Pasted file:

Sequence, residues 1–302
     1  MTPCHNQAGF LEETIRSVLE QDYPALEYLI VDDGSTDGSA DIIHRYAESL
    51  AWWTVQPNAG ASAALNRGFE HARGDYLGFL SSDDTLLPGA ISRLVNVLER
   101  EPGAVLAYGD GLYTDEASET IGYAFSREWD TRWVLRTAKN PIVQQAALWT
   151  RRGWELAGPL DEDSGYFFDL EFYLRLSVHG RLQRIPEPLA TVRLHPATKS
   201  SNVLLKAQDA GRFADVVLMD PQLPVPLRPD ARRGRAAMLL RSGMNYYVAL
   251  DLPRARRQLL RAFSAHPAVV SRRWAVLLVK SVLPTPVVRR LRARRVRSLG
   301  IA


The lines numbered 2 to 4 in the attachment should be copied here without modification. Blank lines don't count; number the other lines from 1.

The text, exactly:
     1  MTPCHNQAGF LEETIRSVLE QDYPALEYLI VDDGSTDGSA DIIHRYAESL
    51  AWWTVQPNAG ASAALNRGFE HARGDYLGFL SSDDTLLPGA ISRLVNVLER
   101  EPGAVLAYGD GLYTDEASET IGYAFSREWD TRWVLRTAKN PIVQQAALWT